World of Wander

Last year, Kris Dreessen, SMC ’93, left her job, got rid of her possessions and embarked on a tour to document the work and languages of the world’s everyday people.
Photography By: 
Kris Dreessen, SMC '93
Story by: 
Kris Dreessen, SMC '93
The Southern Cross constellation twinkles above members of the Tjupan mob—the last fluent speakers of their Aboriginal language—during a camping trip to their sacred land.
Now age 77, Brian Champion has lived in two worlds. As a young boy, he lived with his parents and other Aboriginal Kaprun people in Western Australia. When he was about 7 or 8 years old, Champion was taken under Australian government order to a mission hundreds of miles away, where he was trained to be a farmhand and prohibited from speaking Kaalamaya, his native language. For nearly 60 years, until the late 1960s, thousands of Aboriginal children were taken to Christian missions to assimilate to a white world. They were called the “stolen generation.”
Brian eventually ran away and reunited with his parents. As an adult, he retaught himself Kaalamaya, to regain his identity.
Last fall, I spent five weeks with Champion, who is the last fluent speaker of Kaalamaya. He has dedicated years to preserving the ancient Aboriginal language by teaching it
to others and recording his people’s history. But soon, all his knowledge and memories will be lost—Champion has Alzheimer’s disease. He hopes I will share his and the Kaprun story.
“We want the world to know we are here,” he says.
In April 2014, I took leave from my job as a magazine editor, sold or gave away most of my possessions, and said farewell to family and friends to travel around the world to live my dream: to share stories of everyday people who are making differences in the lives of others and in their communities, and to help document and preserve endangered languages. In order to identify villages that might want my help, I contacted researchers and linguists and told them what I wanted to do, and they connected me with communities that wanted to be documented.
My adventure began in Nicaragua, where I lived with farmers in the mountain community of Las Minitas. For six years before this trip, I’d helped them with coffee, basketmaking and ecotourism initiatives, and am making a long-term photodocumentary about their lives. One of their dreams was to open a preschool, so I raised $5,300 through friends for materials. Then the farmers and I stacked bricks, laid cement and built it from the ground up.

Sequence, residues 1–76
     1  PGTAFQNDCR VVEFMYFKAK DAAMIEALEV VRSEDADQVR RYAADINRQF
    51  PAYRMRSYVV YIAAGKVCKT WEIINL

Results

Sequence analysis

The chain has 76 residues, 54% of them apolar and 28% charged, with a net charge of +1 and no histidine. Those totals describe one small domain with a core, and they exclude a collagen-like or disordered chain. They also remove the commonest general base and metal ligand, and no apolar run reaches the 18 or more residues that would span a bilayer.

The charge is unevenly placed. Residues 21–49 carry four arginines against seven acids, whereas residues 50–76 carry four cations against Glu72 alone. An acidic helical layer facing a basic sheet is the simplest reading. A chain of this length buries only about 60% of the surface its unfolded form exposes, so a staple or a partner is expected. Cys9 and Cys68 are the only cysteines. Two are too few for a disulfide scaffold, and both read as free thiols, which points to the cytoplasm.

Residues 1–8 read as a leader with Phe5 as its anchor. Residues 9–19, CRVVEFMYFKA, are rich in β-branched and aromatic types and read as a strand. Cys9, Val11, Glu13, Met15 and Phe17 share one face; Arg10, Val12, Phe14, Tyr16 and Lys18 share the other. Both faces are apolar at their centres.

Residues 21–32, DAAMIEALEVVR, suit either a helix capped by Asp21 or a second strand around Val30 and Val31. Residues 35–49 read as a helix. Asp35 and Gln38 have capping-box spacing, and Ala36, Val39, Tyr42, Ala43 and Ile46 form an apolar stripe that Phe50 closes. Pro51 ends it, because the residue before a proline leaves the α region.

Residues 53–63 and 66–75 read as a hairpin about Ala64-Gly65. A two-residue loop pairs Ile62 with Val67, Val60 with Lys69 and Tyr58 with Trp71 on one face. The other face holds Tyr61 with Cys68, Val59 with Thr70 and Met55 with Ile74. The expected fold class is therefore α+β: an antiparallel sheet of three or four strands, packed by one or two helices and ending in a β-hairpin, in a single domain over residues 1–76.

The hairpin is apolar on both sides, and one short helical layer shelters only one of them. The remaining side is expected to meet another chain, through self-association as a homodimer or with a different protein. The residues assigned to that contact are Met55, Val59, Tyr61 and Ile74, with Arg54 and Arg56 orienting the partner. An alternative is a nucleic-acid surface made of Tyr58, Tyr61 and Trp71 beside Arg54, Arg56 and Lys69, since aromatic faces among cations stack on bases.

In the remote Kenyan countryside, linguists are undertaking a comprehensive study of four Luyia languages and creating dictionaries. I lived with a Tiriki family and created an intimate portrait of each community that reflects its members’ values, everyday lives, changing customs and traditional practices still in use. In Bukusu culture, circumcision is a sacred event: It is the rite by which a boy becomes a man. Few outsiders have seen the ritual, but one family invited our team to dance, chant and celebrate with them. We photographed the 16-hour event to preserve the tradition.
In the Australian Outback, three Aboriginal groups—including Brian Champion’s—are working with a linguist to create the first written dictionaries and grammar analyses of their languages. Until now, they were passed orally. The groups I met are the final speakers of their languages.
I was with the linguist and the Aboriginal members when they visited their ancestral land. For some elders, it was likely the last time they would be there. I also helped create a visual story of development in the region, for the first time with focus on impact on the Aboriginals’ land and rights.
No matter where I was—in cities or remote towns, over five continents—people’s lives have inspired me.
On a small farm, Hardley and Lydia had enough for themselves, so they took in a boy who had no one.
On the Kenyan plains, Maasai warrior Sunde protects the lions he once hunted.
Determined not to let the Ngalia language die, Kado started the first school program in Western Australia to teach an Aboriginal language.
I felt connected to people all over the world. We learned about and from each other and shared meals. When we couldn’t communicate verbally, we used gestures and miming. In the photographs I took, I tried to document not only their differing cultures and perspectives, but the friendships and understanding we created together.